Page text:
TBS loves its off-net, off-pay TV, and original half-hour comedy series. FAMILY GUY and THE OFFICE are key to attracting core young male viewers. The focus right now is on original series with franchises such as HOUSE OF PAYNE, THE BILL ENGVALL SHOW and MY BOYS.
At the 2009/2010 upfront presentation, TBS' original programming chief Michael Wrigh outlined the network's goals / positioning. "By dedicating ourselves to comedy and building a foundation with some of the best comedies on television, TBS has become younger and more diverse. TBS is also dedicated to quality, original programming. We are working with great comedy talent to create shows that complement our lineup of acquired series."
There is a publicized push for comedy series "for the whole family" in primetime. However, it's the outrageous comedy of FAMILY GUY that is propping up the network But no matter how funny you are, unless you're a studio or a top name talent, TBS is probably not your target..
TBS continues to go after the best comedy series available from both broadcast and cable, becoming a natural second home for hit sitcoms.
PROGRAM SUBMISSION PROCESS:
TBS does not accept unsolicited submissions. Your best bet is to get yourself a lawyer or agent.
CABLEU NEED TO KNOW:
TBS has expanded their comedy festival coverage and led the rebirth of sitcoms on cable. With a slate of programming successes and record growth, TBS is able to attract top talent to its programs,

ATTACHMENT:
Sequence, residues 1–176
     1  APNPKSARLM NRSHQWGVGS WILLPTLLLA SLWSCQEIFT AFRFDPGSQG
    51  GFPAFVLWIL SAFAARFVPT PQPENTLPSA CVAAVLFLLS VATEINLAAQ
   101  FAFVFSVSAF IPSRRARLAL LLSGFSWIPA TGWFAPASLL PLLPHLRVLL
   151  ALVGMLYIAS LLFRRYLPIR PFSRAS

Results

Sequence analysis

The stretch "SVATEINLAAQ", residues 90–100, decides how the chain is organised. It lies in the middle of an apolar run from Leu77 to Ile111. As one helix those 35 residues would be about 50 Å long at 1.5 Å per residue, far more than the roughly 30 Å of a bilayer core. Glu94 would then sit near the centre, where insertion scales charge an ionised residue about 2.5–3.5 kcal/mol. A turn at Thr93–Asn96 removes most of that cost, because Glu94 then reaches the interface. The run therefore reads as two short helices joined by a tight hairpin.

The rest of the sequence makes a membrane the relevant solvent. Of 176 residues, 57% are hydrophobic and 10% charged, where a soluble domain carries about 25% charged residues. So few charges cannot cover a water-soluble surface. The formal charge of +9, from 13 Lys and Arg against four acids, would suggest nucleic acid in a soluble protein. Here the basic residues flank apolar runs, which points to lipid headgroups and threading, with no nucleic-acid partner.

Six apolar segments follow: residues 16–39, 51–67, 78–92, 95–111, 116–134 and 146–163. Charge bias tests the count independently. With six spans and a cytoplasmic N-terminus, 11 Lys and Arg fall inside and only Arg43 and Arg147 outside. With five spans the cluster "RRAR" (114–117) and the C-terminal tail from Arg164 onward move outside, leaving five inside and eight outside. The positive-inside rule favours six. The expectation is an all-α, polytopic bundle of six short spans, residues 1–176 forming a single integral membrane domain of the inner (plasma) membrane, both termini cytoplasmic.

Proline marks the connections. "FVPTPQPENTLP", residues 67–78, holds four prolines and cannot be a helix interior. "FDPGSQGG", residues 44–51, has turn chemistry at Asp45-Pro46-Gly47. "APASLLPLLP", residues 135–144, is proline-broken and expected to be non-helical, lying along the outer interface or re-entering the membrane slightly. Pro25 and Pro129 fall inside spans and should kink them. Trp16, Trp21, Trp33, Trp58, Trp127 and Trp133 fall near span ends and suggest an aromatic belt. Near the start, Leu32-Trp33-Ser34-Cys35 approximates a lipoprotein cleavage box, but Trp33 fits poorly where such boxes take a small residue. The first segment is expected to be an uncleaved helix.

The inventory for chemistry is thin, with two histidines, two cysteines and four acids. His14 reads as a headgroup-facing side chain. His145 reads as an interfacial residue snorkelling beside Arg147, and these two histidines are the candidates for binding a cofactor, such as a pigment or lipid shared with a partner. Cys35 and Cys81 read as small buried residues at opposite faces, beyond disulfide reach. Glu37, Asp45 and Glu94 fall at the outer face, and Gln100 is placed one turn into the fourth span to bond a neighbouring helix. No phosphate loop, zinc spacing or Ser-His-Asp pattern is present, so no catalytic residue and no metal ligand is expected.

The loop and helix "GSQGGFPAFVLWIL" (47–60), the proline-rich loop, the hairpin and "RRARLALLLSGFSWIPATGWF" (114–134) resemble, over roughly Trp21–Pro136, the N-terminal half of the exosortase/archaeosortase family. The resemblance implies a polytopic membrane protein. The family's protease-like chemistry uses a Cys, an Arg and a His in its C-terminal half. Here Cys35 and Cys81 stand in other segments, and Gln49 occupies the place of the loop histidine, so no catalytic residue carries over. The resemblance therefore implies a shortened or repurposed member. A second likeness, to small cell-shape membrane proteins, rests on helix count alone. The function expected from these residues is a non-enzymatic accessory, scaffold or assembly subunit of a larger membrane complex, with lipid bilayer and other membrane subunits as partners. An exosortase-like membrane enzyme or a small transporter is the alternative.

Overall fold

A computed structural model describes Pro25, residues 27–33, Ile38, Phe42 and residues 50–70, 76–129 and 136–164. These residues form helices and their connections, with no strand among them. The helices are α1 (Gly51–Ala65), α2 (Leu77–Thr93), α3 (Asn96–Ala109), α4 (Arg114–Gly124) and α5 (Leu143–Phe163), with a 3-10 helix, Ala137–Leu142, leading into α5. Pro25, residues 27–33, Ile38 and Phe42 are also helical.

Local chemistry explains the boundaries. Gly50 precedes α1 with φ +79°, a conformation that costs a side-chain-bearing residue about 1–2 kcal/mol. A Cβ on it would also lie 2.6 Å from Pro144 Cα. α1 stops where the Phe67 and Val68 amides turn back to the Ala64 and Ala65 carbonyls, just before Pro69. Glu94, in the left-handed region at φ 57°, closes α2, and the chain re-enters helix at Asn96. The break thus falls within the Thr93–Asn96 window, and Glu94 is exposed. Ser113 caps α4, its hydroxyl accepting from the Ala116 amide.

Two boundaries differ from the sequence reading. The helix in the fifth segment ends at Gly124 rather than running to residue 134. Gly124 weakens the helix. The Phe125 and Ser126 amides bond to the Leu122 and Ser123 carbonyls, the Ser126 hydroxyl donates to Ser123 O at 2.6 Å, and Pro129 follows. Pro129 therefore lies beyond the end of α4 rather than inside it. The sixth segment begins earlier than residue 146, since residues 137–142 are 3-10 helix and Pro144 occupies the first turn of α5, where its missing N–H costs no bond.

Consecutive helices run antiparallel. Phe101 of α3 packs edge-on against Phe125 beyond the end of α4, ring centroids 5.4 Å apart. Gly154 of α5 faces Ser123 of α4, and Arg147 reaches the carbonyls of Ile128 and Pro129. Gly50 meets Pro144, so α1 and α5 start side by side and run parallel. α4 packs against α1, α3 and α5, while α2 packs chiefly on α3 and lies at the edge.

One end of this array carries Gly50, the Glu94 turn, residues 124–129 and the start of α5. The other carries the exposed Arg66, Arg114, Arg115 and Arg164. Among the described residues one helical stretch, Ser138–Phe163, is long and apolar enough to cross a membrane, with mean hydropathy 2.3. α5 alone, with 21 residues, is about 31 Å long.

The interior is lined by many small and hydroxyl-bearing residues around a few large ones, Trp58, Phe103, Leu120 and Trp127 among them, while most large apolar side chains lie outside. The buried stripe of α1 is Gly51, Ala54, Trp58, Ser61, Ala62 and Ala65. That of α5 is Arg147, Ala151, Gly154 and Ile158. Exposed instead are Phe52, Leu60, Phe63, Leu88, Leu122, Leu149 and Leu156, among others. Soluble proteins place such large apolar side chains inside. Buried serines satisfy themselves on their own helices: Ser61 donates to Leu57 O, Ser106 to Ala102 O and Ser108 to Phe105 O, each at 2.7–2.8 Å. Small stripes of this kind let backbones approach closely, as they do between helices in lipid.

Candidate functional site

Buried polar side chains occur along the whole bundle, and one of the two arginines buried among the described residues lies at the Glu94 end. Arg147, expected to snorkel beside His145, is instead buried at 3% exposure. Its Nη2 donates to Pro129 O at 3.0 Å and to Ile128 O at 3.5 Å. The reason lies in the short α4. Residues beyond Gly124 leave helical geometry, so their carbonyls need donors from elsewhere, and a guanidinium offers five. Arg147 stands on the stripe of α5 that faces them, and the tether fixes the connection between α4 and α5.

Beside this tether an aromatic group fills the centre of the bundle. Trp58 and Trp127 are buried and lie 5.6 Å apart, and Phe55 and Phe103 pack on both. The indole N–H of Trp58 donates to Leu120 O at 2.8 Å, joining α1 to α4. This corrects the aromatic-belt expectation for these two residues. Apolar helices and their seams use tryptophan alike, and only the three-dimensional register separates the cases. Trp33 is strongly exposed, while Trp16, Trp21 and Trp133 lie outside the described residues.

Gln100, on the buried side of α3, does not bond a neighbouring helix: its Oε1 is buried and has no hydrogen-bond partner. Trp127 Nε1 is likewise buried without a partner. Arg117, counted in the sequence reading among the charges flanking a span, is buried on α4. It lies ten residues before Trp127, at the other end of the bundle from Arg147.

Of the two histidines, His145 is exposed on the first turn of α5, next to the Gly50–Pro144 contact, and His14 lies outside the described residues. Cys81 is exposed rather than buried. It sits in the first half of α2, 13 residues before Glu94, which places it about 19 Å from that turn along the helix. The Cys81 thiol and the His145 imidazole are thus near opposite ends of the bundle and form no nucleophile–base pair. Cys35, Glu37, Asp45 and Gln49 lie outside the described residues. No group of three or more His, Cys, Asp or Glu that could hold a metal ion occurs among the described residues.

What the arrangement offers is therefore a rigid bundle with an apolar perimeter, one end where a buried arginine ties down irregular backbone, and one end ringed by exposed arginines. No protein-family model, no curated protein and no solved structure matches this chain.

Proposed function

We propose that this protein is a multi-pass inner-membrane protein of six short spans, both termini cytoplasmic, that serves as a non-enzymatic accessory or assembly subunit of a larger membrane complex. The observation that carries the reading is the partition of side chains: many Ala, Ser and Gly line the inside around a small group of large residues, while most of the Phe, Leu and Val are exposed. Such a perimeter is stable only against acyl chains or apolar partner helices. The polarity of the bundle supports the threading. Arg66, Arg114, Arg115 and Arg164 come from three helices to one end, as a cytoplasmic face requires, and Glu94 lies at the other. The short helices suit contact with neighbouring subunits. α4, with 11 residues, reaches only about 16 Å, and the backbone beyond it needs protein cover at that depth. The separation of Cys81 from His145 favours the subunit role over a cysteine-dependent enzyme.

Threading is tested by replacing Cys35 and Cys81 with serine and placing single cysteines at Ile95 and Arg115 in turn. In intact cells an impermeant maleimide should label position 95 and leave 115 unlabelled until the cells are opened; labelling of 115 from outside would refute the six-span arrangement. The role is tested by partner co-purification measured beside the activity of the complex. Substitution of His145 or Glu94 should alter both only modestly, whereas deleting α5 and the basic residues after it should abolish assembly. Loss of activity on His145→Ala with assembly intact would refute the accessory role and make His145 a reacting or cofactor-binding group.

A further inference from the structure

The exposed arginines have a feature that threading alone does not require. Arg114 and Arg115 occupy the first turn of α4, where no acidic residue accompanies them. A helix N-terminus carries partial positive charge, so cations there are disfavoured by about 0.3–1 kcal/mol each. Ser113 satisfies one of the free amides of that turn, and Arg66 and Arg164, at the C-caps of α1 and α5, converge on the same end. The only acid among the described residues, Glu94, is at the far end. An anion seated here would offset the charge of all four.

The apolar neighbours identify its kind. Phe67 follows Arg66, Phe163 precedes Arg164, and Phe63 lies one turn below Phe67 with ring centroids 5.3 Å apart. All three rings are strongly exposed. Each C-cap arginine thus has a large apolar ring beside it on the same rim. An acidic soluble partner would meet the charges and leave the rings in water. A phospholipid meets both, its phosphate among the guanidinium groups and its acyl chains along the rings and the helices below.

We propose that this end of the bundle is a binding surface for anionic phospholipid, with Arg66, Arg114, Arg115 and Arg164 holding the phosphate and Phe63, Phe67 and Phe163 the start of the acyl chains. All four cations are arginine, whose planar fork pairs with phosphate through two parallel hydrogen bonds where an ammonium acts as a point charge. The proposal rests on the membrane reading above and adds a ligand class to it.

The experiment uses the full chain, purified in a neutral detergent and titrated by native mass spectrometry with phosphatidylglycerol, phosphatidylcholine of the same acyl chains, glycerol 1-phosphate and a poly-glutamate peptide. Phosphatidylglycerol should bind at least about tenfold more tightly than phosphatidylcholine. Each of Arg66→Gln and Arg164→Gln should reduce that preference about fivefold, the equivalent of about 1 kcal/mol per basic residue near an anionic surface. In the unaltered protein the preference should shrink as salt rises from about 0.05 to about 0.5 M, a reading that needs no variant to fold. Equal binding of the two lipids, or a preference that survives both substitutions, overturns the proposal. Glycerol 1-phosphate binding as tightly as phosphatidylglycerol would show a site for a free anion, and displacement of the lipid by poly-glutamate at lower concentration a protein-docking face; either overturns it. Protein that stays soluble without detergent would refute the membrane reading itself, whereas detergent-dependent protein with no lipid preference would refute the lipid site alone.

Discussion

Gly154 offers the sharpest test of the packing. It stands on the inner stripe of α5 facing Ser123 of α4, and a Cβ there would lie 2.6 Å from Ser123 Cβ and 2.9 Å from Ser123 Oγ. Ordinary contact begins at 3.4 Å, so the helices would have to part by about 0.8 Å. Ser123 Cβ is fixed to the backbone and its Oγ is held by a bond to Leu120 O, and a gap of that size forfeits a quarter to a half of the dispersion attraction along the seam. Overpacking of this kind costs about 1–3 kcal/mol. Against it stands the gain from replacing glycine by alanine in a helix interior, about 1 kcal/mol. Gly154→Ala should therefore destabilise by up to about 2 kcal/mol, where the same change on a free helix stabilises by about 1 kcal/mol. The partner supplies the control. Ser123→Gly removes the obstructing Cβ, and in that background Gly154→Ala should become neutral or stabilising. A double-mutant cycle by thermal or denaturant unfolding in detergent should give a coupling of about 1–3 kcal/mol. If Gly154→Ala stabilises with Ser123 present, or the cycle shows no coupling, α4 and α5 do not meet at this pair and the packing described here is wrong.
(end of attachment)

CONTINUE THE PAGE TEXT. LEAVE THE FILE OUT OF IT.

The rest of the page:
TBS plans to expand its late night presence, and has a slew of late night comedies in development, and a George Lopez talk show in the works. Michael Wright has said "We see late-night as a real growth opportunity." While he said Comedy Central and MTV have "sort of cornered the market" on "snarky" shows aimed at young men, TBS is looking to offer "feel-good" comedy for the late-20s, date-night movie audience. The "everyman" or "blue-collar" brand of humor seems to resonate best with TBS audiences. ENGVALL in particular fills a void left by the diminishing number of feel-good family sitcoms on the air.
Last year, The Hollywood Reporter said "The sitcom isn't dead; it has just moved to cable." Cable is the perfect place for the sitcom's comeback, according to TBS' original programming chief Michael Wright. "Because we don't have to aggregate the same size audience as (the broadcast networks) do, we have greater freedom to pursue different forms and grow the audience," he says. But the broadcast pendulum has swung, and the networks are producing more single and multi-camera sitcoms than in the past. Look for TBS to face stiffer competition from the networks in the Fall.
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